3 Former Track Athletes Suing NCAA, Coach Over Alleged Abuse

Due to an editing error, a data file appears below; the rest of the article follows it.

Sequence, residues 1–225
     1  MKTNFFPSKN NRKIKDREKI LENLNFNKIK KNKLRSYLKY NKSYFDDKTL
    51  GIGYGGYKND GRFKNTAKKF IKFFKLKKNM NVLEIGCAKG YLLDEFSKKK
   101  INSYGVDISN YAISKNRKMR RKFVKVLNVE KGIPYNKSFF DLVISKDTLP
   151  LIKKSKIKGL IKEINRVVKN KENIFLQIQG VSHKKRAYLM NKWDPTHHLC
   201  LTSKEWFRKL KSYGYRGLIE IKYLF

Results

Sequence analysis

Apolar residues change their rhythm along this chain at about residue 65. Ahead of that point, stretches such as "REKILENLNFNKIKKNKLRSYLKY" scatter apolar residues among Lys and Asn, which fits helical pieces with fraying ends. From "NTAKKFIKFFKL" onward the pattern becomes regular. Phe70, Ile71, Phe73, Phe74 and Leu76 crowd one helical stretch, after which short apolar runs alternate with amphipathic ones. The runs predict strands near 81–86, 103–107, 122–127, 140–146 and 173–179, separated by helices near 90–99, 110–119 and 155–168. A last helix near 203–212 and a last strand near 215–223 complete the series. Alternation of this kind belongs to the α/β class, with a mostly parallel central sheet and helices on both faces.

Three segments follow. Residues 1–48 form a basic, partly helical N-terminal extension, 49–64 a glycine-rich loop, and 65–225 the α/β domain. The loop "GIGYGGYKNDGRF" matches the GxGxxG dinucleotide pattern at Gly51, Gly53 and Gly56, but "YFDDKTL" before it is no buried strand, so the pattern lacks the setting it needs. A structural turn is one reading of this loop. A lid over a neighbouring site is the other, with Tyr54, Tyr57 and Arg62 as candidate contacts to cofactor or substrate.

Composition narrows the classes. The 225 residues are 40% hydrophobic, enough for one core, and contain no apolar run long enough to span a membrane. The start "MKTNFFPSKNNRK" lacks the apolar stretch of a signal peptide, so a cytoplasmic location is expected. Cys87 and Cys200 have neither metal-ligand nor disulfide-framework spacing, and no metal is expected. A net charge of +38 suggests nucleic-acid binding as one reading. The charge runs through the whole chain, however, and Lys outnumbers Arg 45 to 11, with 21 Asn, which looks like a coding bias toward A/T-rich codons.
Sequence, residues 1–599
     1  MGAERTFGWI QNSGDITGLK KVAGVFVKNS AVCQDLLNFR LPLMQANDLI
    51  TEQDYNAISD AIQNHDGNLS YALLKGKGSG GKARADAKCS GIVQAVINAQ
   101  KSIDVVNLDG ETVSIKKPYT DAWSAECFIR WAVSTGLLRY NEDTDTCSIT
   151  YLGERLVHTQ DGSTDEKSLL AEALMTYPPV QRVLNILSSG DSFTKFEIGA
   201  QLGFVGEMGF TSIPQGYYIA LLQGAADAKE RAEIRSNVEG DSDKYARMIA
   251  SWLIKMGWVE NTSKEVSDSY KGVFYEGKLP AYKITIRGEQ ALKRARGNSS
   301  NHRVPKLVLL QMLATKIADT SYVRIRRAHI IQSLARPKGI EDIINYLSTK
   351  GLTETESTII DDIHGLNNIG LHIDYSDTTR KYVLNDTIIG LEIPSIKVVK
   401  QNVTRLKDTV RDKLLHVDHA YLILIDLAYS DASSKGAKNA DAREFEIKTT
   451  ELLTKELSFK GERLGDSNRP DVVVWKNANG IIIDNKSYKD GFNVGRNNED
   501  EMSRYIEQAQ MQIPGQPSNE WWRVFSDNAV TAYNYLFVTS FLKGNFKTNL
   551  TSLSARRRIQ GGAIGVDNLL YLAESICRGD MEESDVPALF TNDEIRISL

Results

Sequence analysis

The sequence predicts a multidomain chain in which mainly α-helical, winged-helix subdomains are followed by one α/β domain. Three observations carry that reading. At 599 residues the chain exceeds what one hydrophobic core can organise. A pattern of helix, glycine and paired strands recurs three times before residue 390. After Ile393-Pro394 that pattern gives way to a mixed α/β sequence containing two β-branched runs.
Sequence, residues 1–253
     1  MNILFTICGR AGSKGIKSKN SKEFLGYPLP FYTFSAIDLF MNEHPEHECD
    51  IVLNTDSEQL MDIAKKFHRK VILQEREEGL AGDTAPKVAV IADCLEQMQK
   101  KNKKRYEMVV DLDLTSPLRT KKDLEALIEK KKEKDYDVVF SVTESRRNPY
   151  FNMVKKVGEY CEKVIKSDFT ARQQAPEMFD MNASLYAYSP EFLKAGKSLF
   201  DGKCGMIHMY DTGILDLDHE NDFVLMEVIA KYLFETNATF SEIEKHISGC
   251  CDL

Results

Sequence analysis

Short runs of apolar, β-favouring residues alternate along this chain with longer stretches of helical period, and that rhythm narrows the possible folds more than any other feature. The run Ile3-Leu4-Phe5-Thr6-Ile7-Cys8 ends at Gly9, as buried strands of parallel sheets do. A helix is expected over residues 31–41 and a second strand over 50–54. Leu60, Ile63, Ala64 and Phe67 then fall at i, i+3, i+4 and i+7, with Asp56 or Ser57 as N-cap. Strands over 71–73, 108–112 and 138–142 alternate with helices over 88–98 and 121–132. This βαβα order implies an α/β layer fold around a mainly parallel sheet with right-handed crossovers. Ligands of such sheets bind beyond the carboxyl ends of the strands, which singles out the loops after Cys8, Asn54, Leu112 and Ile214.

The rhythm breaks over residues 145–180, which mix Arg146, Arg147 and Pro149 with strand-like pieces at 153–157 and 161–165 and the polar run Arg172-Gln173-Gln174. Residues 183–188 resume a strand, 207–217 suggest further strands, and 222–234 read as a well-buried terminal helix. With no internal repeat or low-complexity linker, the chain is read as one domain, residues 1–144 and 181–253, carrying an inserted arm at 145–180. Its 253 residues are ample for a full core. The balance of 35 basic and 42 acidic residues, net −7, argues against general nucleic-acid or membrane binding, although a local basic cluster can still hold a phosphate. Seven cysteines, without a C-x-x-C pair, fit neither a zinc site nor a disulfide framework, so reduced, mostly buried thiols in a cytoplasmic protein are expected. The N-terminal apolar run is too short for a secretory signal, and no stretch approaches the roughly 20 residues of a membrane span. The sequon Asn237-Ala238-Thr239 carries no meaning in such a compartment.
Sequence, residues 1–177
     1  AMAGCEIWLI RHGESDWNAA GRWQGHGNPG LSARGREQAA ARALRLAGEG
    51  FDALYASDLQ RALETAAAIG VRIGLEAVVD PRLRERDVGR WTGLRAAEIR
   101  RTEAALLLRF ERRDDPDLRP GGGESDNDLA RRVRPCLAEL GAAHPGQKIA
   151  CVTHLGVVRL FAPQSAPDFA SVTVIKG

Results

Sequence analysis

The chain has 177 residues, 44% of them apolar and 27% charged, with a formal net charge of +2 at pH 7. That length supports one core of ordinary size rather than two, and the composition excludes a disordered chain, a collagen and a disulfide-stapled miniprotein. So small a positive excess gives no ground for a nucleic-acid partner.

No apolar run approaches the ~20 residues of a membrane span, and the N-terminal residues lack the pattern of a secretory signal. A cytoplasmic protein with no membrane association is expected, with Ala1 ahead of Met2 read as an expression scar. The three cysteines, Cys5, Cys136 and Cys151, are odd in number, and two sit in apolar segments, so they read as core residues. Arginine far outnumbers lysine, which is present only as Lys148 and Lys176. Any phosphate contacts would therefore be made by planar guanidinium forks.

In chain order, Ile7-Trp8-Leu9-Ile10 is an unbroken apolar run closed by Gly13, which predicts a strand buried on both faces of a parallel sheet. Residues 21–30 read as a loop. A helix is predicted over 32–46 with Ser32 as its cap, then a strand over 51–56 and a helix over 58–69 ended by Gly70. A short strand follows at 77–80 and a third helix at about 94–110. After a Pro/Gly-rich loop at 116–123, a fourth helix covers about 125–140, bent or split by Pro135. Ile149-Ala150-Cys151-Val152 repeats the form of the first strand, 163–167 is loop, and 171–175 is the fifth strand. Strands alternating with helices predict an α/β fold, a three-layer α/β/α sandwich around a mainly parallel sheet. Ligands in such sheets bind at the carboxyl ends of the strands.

first_imgShare:Click to share on Facebook (Opens in new window)Click to share on Twitter (Opens in new window)Click to email this to a friend (Opens in new window) Photo: PixabayANN ARBOR — Former Olympic high jumper Erin Aldrich planned to die with a secret she kept quiet for two-plus decades: an affair with a college coach she began falling in love with as a teenager and with whom she had an sexual relationship as a young woman.When Aldrich watched “Leaving Neverland,” about a year ago, the documentary featuring stories of men who say the late Michael Jackson sexually abused them as boys, she decided it was time to share her story.“I had always told myself I was going to take this to the grave,” Aldrich said during an interview with The Associated Press on Wednesday night in which she he claimed John Rembao began grooming her for a romantic relationship when she was a high school junior. “When I watched “Leaving Neverland,” it suddenly dawned on me that I was one of those boys, just a little bit older.”Aldrich is one of three former student-athletes who say, in a lawsuit filed against the NCAA, that they were sexually abused by a track coach and allege the governing body and its board of governors didn’t do enough to protect them. Londa Bevins, Jessica Johnson and Aldrich — who represented the U.S. in the 2000 Olympics — are seeking class action status for the lawsuit filed in U.S. District Court in San Jose, California. The women say they were sexually abused and harassed by Rembao while he worked at the University of Texas and the University of Arizona.The suit aims to include NCAA student-athletes, who also say they were put at risk by the inaction of the governing body since 1992.Rembao led the Longhorns’ cross country program and was an assistant for their track team from 1997 to 2001. He was an assistant coach for the Wildcats’ track program from 1993 to 1997.“The behavior alleged in this story is disturbing,” Texas athletic director Chris Del Conte said. “Our current coaches and staff know that such behavior is totally unacceptable and will not be tolerated at the University of Texas.”Rembao declined to comment, via email, on the allegations in the lawsuit.The suit filed by law firms FeganScott and Lieff Cabraser Heimann & Bernstein says the NCAA failed to stop sexual abuse and harassment of student-athletes by coaches at all member schools.The Associated Press left messages seeking comment with the NCAA as well as the University of Arizona.Rembao was suspended Dec. 18, 2019, for undisclosed allegations of misconduct by the U.S. Center for SafeSport, an organization that investigates sex-abuse claims in Olympic sports. He has worked at the University of California, Santa Cruz, for more than seven years, according to his LinkedIn profile, and is currently the assistant director of employer relations at the school.In an interview on Tuesday with USA Today, Rembao denied the allegations brought against him by the three women in the lawsuit.“This is ridiculous,” Rembao said in a story published by USA Today. “It never happened. This is completely false. This is just making me angry because this is all crap.”The NCAA, which is headquartered in Indianapolis, is a member-led organization comprised of nearly 11,000 colleges and universities and nearly a half-million student-athletes competing in 24 sports.The plaintiffs are asking for new policies to be adopted immediately regarding coach-student relationships and for compensation for those subjected to abuse because the NCAA did not implement best practices.The filing comes in the wake of revelations at the University of Michigan along with allegations and investigations of sexual abuse made by patients of sports doctors at other universities, including Michigan State, Ohio State and Minnesota.Aldrich was on Arizona’s track and field and volleyball teams during the 1996-97 season and she transferred to Texas to compete in the high jump from 1997 to 2000. Rembao was one of her coaches. The Olympian and NCAA champion runner claims Rembao sexually abused her at Arizona and later harassed when she was competing for the Longhorns.“He was my first sexual experience,” Aldrich recalled in a telephone interview. “When we were going to world juniors, when I had just turned 18, he put a blanket over my lap and he penetrated me with his fingers.”Johnson and Bevins say Rembao sexually abused and harassed them while they were on Texas’ track team as a freshman during the 1999-2000 season.“We had been at Texas for eight months and had enough,” Bevins recalled in a telephone interview.Both Bevins and Johnson gave up their scholarships after one school year and transferred to Arkansas.“After the spring semester of 2000, I was depressed, anxious and cutting myself,” Johnson recalled.Johnson said her concerns about Rembao were expressed in a formal complaint to the University of Texas in the summer of 2000, detailing alleged abuse in a 22-page document.“I thought because they’re adults, I’m going to tell them my story and they’re going to believe me,” Jonson said in a telephone interview. “No one did. None of them had my best interest in mind.”New York-based lawyer Annika K. Martin, one of the attorneys who filed the lawsuit, said the three brave women are speaking not only for themselves, but for all student-athletes who the NCAA put at risk and allowed to be harmed.“They are not just asking the NCAA to pay for past wrongs, they are also asking the NCAA to change to protect current and future student-athletes,” Martin said.The lawsuit raises the second issue of serious misconduct by a Texas women’s track coach in the early 2000s. Former women’s head coach Bev Kearney was fired by the school in early 2013 after one of her former athletes alerted them to a consensual relationship between the pair a decade earlier.In dismissing Kearney, Texas officials said she had crossed a line between athlete and coach. Kearney sued Texas on race and gender discrimination claims and later reached an undisclosed settlement with the university.And in 2009, former football assistant Major Applewhite was disciplined for an improper relationship with a student trainer on a bowl game trip. He was not fired.Martin said a team of attorneys is willing to represent anyone who says they were put at risk by the NCAA after the U.S. Olympic Committee stated all sexual contact between coaches and student-athletes should be prohibited 28 years ago.“The NCAA should have made that same prohibition to its member schools in 1992, if not before,” Martin said.last_img read more